I picked up The Eagle of the Ninth because Megan Whalen Turner has mentioned it multiple times as an influence on the Attolia/Queen's Thief series. Marcus's early injury in the story directly inspired Eugenides's story in The Queen of Attolia, and Turner has even said she wrote Thick as Thieves partially as a reversal of Eagle; rather than the soldier, it is the slave who tells the story. The quest feel of the latter half of Eagle also feels very similar to Turner's The Thief.
But enough about influences. Eagle isn't a seat-of-your-pants thriller or even a typical quest narrative. While the seeds for the quest are planted early, the mission to retrieve the lost eagle isn't even introduced until nearly halfway through the book. Instead, we're treated to Marcus's personal journey from centurion to invalid to new man. Sutcliff takes her time, painting the landscape without overwriting, keeping jargon and cultural references as natural as they would have been to the characters without explaining more than is strictly necessary to her readers.
I was expecting more of a traditional adventure tale, and while that expectation was somewhat disappointed I didn't find myself regretting the time spent with Marcus and Esca, the gladiator Marcus purchases and later frees. Their friendship is one of the best things about this book. The mutual respect they have for one another and the lengths to which that respect (and yes, even brotherly love) takes them to make this story refreshing even if it isn't always the most gripping.
Fans of Megan Whalen Turner, historical novels, or tales of friendship will enjoy this book.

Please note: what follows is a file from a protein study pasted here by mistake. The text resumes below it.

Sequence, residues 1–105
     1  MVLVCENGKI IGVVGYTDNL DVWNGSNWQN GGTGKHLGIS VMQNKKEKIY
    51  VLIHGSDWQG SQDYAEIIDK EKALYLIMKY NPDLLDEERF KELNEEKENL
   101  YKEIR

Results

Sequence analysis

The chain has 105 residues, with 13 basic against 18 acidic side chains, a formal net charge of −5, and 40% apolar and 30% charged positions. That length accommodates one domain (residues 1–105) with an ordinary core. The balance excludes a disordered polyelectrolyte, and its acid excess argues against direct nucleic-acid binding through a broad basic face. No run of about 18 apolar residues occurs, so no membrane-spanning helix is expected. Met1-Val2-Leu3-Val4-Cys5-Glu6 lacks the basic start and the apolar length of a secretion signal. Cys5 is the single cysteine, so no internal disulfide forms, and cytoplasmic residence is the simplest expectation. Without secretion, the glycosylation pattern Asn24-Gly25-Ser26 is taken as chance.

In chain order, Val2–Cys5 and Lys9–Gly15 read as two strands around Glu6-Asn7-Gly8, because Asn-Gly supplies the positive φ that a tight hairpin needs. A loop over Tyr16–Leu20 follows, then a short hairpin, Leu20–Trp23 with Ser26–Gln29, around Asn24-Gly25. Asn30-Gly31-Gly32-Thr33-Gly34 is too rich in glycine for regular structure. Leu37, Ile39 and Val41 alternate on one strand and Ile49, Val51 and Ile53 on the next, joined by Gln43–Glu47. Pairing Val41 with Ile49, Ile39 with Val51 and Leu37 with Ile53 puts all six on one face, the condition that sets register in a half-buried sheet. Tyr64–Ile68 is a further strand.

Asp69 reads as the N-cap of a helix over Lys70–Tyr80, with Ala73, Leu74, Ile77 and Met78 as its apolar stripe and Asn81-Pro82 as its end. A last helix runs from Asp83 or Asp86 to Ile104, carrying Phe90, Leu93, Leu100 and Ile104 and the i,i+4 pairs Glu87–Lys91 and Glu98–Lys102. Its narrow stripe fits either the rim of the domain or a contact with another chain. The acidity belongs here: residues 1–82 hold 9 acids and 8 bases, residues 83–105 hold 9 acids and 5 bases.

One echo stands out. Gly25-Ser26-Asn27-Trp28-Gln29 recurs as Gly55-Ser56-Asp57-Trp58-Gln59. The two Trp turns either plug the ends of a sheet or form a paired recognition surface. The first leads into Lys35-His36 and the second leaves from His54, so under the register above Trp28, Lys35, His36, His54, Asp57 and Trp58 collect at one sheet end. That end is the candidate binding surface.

In this third installment in the Lockwood and Co. series, Stroud pushes some of his characters to new breaking points. After the startling revelation at the end of The Whispering Skull, Lucy, George, and Lockwood are continuing to do what they do best: stop hauntings and generally ignore their own feelings. Lucy's Talent for Listening is growing stronger, and it's not just the wisecracking skull she can hear speak anymore. But with Lockwood's distrust of her growing empathy for the ghosts they banish and the introduction of a new team member, Holly Munro, the gap between Lucy and Lockwood seems to be growing wider.
To make matters worse, there's a regular epidemic of hauntings springing up almost overnight in Chelsea, and the top officials in the field can't find a way to stop it. With tensions rising and old enemies reappearing, how much more can Lockwood and Co. take?
The Hollow Boy started out feeling slow to me, despite the tantalizing promise of the final scenes of The Whispering Skull. The central mystery doesn't take center stage as early as I expected and the main questions on my mind (What happened to Lockwood's sister? What's at the heart of the Problem? etc.) weren't developed as much as I'd hoped. Add to that Lucy's continued misinterpretation of her own feelings (she seems convinced she misses a professional closeness to Lockwood, but it's pretty clear she is developing romantic feelings for him) and her failure to think clearly, and I found myself being frustrated a lot here.
But then there's the new twists Stroud weaves into the story. Two antagonists from the previous book make appearances (and threats), setting them up for further development in the final two books. There are hints of a larger conspiracy involving the heads of the two main anti-ghost agencies, Rotwell and Fittes. The mysterious Orpheus Society gets a name and a sprinkling of new information. And, perhaps most importantly, Lucy and Lockwood mature. They're not at the ends of their character arcs, but they both emerge from The Hollow Boy as wiser versions of themselves. Throw in a potentially horrible (though not necessarily truthful) prophecy from a ghost and what is absolutely the creepiest haunting in the series so far, and The Hollow Boy comes to a satisfying end. I can't wait to get the last two books and see how Stroud winds things up.
Recommended for fans of horror, haunted houses, mystery, and likable but flawed protagonists.